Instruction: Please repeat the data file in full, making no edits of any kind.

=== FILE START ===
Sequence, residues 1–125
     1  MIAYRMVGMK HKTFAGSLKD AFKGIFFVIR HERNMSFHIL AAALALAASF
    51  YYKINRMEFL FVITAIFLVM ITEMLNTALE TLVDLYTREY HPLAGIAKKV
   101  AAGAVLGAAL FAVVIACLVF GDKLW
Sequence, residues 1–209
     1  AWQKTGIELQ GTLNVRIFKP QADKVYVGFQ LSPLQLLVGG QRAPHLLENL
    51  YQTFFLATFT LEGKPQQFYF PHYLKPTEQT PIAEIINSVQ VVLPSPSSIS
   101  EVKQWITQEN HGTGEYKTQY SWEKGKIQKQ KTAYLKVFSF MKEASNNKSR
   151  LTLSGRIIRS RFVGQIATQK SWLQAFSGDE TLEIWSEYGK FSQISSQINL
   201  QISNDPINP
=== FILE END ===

Sequence, residues 1–125
     1  MIAYRMVGMK HKTFAGSLKD AFKGIFFVIR HERNMSFHIL AAALALAASF
    51  YYKINRMEFL FVITAIFLVM ITEMLNTALE TLVDLYTREY HPLAGIAKKV
   101  AAGAVLGAAL FAVVIACLVF GDKLW
Sequence, residues 1–209
     1  AWQKTGIELQ GTLNVRIFKP QADKVYVGFQ LSPLQLLVGG QRAPHLLENL
    51  YQTFFLATFT LEGKPQQFYF PHYLKPTEQT PIAEIINSVQ VVLPSPSSIS
   101  EVKQWITQEN HGTGEYKTQY SWEKGKIQKQ KTAYLKVFSF MKEASNNKSR
   151  LTLSGRIIRS RFVGQIATQK SWLQAFSGDE TLEIWSEYGK FSQISSQINL
   201  QISNDPINP